He’s Just Happy To Get Out The House on this tour, so much so that he’s extended it into autumn, and the next run of dates starts De Montfort Hall on Saturday 8 September and will also be calling at Loughborough Town Hall on Friday 12 October. We caught up with comedian Chris Ramsey to find out about the new tour, his latest plans, and that gig he did in Nandos.
What can fans expect from the new tour?
If they’ve seen me before, they can expect my same style of stand up and story telling… only better. I know that sounds like a strange thing to say, but I always try and improve with every single show that I do, and it appears this one is following that suit. The strangest compliment I get after a show is “I hope you don’t mind, but this show was better than your last one!”… MIND!? That’s absolutely what I want to hear… mate, I’d be devastated if you said something like “I much preferred that first 10 minutes you did at an open mic night in 2008… you’ve wasted the last 10 years”
When did you first know you wanted to be a comedian?
I really have no idea. It was young, really young… before I knew what a comedian was. I was always drawn to funny people, people who could hold a conversation in a group and make everyone laugh. It fascinated me, and I always wanted to do it socially. I’d sometimes prepare something funny in my head on the bus on the way to my mates house to make them all laugh when I arrived… it didn’t always work to be honest. But the moment I saw Billy Connolly on TV was probably the solidifying moment.
What do you prefer out of your live performance and television work?
Depends on the TV show and depends on the gig… every live show is different and no two audiences are the same. I’d always lean towards live stand up as a rule, but I’d rather be on Saturday Kitchen eating steak than dying on my hole in Hull.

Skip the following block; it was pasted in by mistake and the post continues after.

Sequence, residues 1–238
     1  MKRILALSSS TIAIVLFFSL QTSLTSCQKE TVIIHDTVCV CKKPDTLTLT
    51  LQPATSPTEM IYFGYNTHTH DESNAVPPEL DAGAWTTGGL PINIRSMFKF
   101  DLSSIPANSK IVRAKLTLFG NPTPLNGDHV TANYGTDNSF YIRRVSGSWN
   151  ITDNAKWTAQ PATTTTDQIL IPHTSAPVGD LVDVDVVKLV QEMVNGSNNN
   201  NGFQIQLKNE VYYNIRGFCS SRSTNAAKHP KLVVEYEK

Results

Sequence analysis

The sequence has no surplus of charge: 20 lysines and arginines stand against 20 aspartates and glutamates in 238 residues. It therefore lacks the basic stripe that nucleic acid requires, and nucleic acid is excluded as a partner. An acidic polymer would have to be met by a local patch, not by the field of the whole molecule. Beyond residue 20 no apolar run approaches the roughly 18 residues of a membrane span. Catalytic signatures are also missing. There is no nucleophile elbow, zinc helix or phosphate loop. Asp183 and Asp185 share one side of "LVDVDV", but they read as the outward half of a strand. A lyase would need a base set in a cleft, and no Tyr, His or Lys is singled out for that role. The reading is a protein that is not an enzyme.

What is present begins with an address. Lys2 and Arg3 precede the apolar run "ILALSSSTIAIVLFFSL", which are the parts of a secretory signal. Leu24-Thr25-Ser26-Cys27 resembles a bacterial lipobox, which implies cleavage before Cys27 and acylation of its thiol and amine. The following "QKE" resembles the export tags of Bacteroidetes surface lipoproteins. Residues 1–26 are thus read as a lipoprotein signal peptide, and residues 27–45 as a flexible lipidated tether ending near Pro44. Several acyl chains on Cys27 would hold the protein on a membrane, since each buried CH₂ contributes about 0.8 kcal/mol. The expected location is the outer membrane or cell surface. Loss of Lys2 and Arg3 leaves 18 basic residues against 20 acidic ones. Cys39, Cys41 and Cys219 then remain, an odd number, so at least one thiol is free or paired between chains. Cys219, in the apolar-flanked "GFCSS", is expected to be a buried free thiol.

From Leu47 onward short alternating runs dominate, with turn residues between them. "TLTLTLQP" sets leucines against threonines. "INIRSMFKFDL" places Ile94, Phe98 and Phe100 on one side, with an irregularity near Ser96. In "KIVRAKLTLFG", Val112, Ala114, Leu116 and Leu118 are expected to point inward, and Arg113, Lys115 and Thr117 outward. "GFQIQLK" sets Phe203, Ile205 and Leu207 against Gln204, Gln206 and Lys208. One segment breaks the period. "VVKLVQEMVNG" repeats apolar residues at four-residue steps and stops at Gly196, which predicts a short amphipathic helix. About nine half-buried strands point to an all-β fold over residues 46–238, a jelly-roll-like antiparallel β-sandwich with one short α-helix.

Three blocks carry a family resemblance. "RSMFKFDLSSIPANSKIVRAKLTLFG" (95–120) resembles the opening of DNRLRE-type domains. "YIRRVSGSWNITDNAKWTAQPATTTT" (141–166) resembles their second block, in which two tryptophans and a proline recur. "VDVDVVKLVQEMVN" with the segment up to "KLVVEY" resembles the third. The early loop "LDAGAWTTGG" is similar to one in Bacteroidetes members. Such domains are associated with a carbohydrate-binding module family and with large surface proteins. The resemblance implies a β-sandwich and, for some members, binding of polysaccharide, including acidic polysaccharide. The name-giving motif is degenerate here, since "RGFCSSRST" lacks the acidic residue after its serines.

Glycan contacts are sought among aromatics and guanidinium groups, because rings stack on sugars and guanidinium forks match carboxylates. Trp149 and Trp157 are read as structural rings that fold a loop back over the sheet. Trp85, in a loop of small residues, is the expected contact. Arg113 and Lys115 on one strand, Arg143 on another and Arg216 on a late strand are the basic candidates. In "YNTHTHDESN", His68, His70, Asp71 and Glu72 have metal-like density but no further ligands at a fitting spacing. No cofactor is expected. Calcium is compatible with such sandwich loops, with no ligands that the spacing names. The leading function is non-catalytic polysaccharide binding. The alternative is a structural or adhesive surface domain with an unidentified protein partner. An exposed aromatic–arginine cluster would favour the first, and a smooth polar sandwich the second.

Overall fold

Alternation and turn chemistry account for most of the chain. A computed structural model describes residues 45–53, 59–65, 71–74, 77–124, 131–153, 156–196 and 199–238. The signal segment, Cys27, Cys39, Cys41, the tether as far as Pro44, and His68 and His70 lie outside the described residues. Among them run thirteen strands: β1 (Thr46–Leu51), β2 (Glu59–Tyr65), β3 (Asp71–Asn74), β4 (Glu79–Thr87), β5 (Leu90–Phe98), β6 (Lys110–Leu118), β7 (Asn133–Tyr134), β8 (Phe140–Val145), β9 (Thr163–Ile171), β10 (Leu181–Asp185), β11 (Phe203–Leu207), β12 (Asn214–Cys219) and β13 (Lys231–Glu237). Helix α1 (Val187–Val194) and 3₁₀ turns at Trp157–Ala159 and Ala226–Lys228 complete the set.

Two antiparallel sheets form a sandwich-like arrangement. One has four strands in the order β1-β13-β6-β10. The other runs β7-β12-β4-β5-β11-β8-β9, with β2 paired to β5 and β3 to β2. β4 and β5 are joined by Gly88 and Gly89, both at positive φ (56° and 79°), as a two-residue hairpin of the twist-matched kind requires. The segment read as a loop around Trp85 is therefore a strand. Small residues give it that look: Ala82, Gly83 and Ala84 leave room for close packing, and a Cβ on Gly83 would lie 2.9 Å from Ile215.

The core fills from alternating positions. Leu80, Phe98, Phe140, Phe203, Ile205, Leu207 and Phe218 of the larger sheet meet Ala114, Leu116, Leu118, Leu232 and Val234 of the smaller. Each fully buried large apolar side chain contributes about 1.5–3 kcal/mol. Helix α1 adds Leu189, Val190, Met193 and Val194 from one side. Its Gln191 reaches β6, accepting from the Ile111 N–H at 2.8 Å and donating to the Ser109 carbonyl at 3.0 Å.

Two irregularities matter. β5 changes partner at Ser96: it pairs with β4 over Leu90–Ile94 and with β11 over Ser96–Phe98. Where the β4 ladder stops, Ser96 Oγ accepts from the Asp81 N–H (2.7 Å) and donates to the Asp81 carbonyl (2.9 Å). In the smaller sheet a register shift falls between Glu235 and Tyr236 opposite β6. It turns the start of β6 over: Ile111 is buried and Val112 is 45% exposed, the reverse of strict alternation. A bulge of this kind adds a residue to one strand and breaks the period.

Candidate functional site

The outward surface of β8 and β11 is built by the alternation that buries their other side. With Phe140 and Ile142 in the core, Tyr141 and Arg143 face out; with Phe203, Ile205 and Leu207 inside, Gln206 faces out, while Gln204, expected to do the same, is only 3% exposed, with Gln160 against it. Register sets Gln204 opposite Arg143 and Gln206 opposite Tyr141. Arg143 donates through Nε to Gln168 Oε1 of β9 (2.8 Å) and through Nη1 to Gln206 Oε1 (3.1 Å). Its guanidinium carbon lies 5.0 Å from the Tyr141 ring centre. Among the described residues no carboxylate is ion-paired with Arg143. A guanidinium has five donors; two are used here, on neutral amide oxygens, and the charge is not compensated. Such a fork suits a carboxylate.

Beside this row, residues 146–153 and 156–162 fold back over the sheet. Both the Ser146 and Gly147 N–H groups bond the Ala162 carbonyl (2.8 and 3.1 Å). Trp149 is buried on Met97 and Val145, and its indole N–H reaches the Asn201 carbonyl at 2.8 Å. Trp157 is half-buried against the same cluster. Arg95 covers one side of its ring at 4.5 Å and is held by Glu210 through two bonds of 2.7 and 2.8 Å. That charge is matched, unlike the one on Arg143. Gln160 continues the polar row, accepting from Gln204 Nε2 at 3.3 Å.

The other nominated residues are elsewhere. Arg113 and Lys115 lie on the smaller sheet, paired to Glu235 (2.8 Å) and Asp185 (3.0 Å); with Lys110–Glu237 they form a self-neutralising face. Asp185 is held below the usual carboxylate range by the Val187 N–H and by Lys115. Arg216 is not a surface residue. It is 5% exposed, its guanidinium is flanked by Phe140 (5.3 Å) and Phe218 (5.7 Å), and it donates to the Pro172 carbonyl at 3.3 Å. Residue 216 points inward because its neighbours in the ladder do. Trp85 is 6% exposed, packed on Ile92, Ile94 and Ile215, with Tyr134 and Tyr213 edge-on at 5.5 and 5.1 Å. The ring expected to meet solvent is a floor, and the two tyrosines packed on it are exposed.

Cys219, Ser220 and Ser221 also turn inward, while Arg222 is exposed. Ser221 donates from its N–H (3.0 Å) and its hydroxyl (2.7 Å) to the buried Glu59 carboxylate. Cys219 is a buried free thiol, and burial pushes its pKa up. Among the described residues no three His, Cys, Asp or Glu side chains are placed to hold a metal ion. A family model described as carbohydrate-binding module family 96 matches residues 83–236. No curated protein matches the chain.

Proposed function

Has becoming a father changed your style of comedy
It really has… which is annoying, as I did a show all about how it wouldn’t.
What’s the best and worst thing about being on the road touring
Worst: Missing my family and just being generally bored. The shows are great, and if I could teleport, I’d have a gig in the diary every night of the year… even Christmas Day. It’s the traveling, that’s the only downside really. Best: Service station Greggs. They changed the game. If I ever meet the person who made that business decision, I will kiss their face.
Who’s the best comedian that you’ve ever seen live?
Michael McIntyre probably. Saw him before he was huge at Durham Gala Theatre, he was incredible. The gig wasn’t full and he performed it like he was playing to a packed out Wembley. Such a brilliant comedian.
What advice would you give to aspiring comedians?
GO. FOR. IT.
What is your favourite city to perform in?
It’s hard to answer that because like I say, every gig is different. Take the Edinburgh Fringe for instance – Twenty eight nights in the same city, in the same room, on the same stage… not one single gig the same. So I’d have to say Newcastle, because I can be in bed by 11pm… or at the curry house for 10:30pm.
Who are you top tips for ones to watch in the comedy world?
My support act Carl Hutchinson is definitely one to watch, but I would say that I suppose. But he’s brilliant.
The first time I saw you perform was at a Leicester Comedy Festival show IN Nando’s. So, what’s your favourite thing to order from Nando’s?
Wow! That was a brilliant gig! I’d forgotten about that! I’m a big fan of the wrap… single, hot with Halloumi and another side order of Halloumi, chips and rice.
What quote would you least like to see written about you?
“He should have been on Geordie Shore”… although to be fair, I think I’d have a bigger house if I was.
What’s the one ambition in your career that you’re still aiming for
I’d love to write and star in my own sitcom.